I don’t know if I can tell it in words, because everything I’ve felt and heard, everything they’ve given me is imprinted in the shots. It was a day that took a place of her own in space and time. I don’t remember eating or taking breaks, a few cigarettes every now and then maybe another one, for sure. For the rest, I was caught in a kind of trance. I listened to everything, every single word they addressed to me, I didn’t want to introduce myself to them in a different way but I wanted more than anything else to see them, let their stories occupy everything, let them occupy everything.
What do you think you’ve received, and returned, with your images?
I brought myself, what I can do. I talk through the images and I know the power of them. I chose to dress them with the Valentino Pink PP collection not only for the color but also for the symbol that color has for me. Monochrome choices have the ability to crystallize the context, the figures emerge even sharper, their humanity, and the depth of their emotions. Everything is best seen with just one color. What they gave me was the sharing of an “intimacy” that I can only return through a snap because there is me in there and there are them, each of them, and what we said to each other even in silence. I’m still processing what I’ve tried because it’s a lot and I need to feel it. At the moment if I had to choose one word it would be gratitude, and if I had to choose another it would be amazement.
Have you ever experienced a “close” encounter with cancer?
I think that everyone, in a different way, has touched or known the disease; it creates a before and after, there are those who do not talk about it because it is scary and those who want to talk about it for the same reason. All choices must be respected because there is no disease alone, but the people who live it and how they decide to live it.
Prevention is an important emphasis with this exhibition.
I would also like to talk about education because if self-care and the way we look at ourselves were part of a broader education, even scholastic, prevention would probably also become routine and not an exception.
In an interview with GQ, you said: “…I came to fashion through fashion photography. (…) I realized that the images told things, that a photo could tell a story…” How does fashion come to life with with photography?
As I said, photography is one of the most powerful vectors that fashion has. I understood it even before I understood the image, to understand fashion. In one moment a whole narrative is condensed, the months of work, of many people. The shot stops time and sucks it in and brings you back every time you look at that particular photo, campaign, or editorial. Photographing is work that is complex, physical, head, and soul together. I like to do it and it’s something that lets me discover different parts of me every time. I know I’m interested in people, above all else and portraits are my way of getting to know them.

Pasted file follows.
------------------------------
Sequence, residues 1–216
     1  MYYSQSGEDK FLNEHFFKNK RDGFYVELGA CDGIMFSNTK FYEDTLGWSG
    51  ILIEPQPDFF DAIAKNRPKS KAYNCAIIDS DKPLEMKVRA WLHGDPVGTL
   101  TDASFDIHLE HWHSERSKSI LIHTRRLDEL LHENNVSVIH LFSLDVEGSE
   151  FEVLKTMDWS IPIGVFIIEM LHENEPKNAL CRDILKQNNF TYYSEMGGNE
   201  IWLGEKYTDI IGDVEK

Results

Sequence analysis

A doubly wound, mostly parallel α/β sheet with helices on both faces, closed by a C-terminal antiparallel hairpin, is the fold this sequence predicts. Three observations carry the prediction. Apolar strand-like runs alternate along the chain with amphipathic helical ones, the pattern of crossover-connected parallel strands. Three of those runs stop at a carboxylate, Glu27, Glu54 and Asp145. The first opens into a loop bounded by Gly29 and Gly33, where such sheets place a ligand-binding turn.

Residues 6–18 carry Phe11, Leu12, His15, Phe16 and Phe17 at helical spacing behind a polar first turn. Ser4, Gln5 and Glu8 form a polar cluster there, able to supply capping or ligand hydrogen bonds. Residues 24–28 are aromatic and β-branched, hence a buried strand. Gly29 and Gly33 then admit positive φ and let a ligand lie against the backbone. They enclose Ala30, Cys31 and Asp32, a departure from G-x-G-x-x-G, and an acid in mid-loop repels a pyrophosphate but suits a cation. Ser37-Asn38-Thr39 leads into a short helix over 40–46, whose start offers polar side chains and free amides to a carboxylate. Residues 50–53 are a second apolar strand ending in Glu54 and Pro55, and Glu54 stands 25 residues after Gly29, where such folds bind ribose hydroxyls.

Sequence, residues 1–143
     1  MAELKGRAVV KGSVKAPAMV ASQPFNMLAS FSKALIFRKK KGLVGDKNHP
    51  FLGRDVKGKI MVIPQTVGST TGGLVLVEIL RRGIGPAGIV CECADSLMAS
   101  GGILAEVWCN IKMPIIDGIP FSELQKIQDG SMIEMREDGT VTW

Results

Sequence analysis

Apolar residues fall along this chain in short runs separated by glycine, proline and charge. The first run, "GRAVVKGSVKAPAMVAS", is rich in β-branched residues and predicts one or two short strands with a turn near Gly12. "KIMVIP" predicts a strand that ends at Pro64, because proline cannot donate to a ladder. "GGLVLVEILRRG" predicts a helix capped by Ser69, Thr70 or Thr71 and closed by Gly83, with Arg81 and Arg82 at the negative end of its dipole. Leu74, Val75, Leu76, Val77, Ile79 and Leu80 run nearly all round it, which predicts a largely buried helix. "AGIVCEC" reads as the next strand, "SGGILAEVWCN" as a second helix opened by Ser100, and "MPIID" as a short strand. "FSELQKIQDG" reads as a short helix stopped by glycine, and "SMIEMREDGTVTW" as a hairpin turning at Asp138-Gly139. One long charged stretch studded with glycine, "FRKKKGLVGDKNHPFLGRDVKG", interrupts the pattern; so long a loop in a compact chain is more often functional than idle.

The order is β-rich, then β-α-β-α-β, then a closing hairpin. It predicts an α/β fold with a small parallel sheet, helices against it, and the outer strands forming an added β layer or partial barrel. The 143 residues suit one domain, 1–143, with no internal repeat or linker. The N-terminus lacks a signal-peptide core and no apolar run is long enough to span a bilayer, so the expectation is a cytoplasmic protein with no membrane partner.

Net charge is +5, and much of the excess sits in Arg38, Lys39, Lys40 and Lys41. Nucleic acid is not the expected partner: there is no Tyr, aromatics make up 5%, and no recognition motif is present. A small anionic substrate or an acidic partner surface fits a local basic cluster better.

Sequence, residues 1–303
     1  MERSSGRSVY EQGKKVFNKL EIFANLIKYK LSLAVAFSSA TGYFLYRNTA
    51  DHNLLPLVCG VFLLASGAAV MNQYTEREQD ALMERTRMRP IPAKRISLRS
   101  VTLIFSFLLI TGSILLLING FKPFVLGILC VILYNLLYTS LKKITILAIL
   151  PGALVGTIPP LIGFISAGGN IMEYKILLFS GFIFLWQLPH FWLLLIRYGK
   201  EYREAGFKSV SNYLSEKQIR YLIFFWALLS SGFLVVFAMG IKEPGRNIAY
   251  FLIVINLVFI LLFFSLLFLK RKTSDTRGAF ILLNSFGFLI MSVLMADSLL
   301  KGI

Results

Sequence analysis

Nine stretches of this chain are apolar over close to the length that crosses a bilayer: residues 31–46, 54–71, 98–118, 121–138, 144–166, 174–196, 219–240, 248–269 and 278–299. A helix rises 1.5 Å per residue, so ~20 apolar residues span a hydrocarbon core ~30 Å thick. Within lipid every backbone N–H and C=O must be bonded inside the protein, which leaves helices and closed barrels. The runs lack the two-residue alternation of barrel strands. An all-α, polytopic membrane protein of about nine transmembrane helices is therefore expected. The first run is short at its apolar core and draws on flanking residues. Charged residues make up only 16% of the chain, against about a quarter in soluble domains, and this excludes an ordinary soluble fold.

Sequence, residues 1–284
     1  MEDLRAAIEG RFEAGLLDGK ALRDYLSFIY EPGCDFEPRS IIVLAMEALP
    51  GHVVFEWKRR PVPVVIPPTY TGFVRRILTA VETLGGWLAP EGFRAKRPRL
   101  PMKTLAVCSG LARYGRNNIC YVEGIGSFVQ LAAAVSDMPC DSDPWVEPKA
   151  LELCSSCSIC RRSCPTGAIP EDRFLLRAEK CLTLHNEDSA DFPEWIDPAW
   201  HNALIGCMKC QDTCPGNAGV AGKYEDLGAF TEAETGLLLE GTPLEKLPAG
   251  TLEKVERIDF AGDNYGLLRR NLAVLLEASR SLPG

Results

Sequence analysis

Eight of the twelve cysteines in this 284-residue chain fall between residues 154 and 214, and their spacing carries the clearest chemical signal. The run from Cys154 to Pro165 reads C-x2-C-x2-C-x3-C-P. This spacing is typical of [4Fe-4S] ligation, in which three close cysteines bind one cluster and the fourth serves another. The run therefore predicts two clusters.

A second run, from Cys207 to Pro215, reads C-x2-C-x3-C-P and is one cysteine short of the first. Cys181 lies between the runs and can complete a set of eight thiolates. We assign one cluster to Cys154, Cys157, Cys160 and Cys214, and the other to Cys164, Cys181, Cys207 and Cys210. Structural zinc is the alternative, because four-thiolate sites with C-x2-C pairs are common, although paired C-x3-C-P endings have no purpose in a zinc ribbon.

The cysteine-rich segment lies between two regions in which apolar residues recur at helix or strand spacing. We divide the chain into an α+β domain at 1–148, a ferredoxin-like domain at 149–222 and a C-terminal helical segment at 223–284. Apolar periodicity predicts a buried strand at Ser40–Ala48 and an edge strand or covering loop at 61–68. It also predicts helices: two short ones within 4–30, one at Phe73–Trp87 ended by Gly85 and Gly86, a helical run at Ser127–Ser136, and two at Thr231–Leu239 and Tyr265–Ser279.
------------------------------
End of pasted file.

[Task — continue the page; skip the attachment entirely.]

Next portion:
How can fashion be a more powerful means to convey the idea of prevention and cure?
I don’t know that. Surely I can say that fashion speaks transversally to everyone, but really everyone? Fashion is probably a platform that can push messages immediately and easily. The brain processes images much faster than words, but what is certain is that if there is nothing else behind the images, they are forgotten just as quickly. In this circumstance, there was everything, meanings and images and stories and intentions. Maybe we managed to set a precedent that could push others to do the same kind of project.
Is there anything you would like to point out after this experience?
That I’m lucky, for many reasons. These women welcomed me, letting me into their lives, they trusted me. They are the ones who made me feel special, maybe I didn’t tell them enough with words and if they don’t mind I’ll take advantage of the time now. Thanks to each of you, I promise to carefully cherish what happened on that endless day, I remember all of you, one by one, I remember exactly what we said to each other and what there was no need to say. I thank you and I am grateful and thank you also for this interview.
Thanks to you Mr Piccioli.
The “Pink PP Portraits” exhibition will be open to visitors by October 30th.
This article was originally published on Vogue Italia.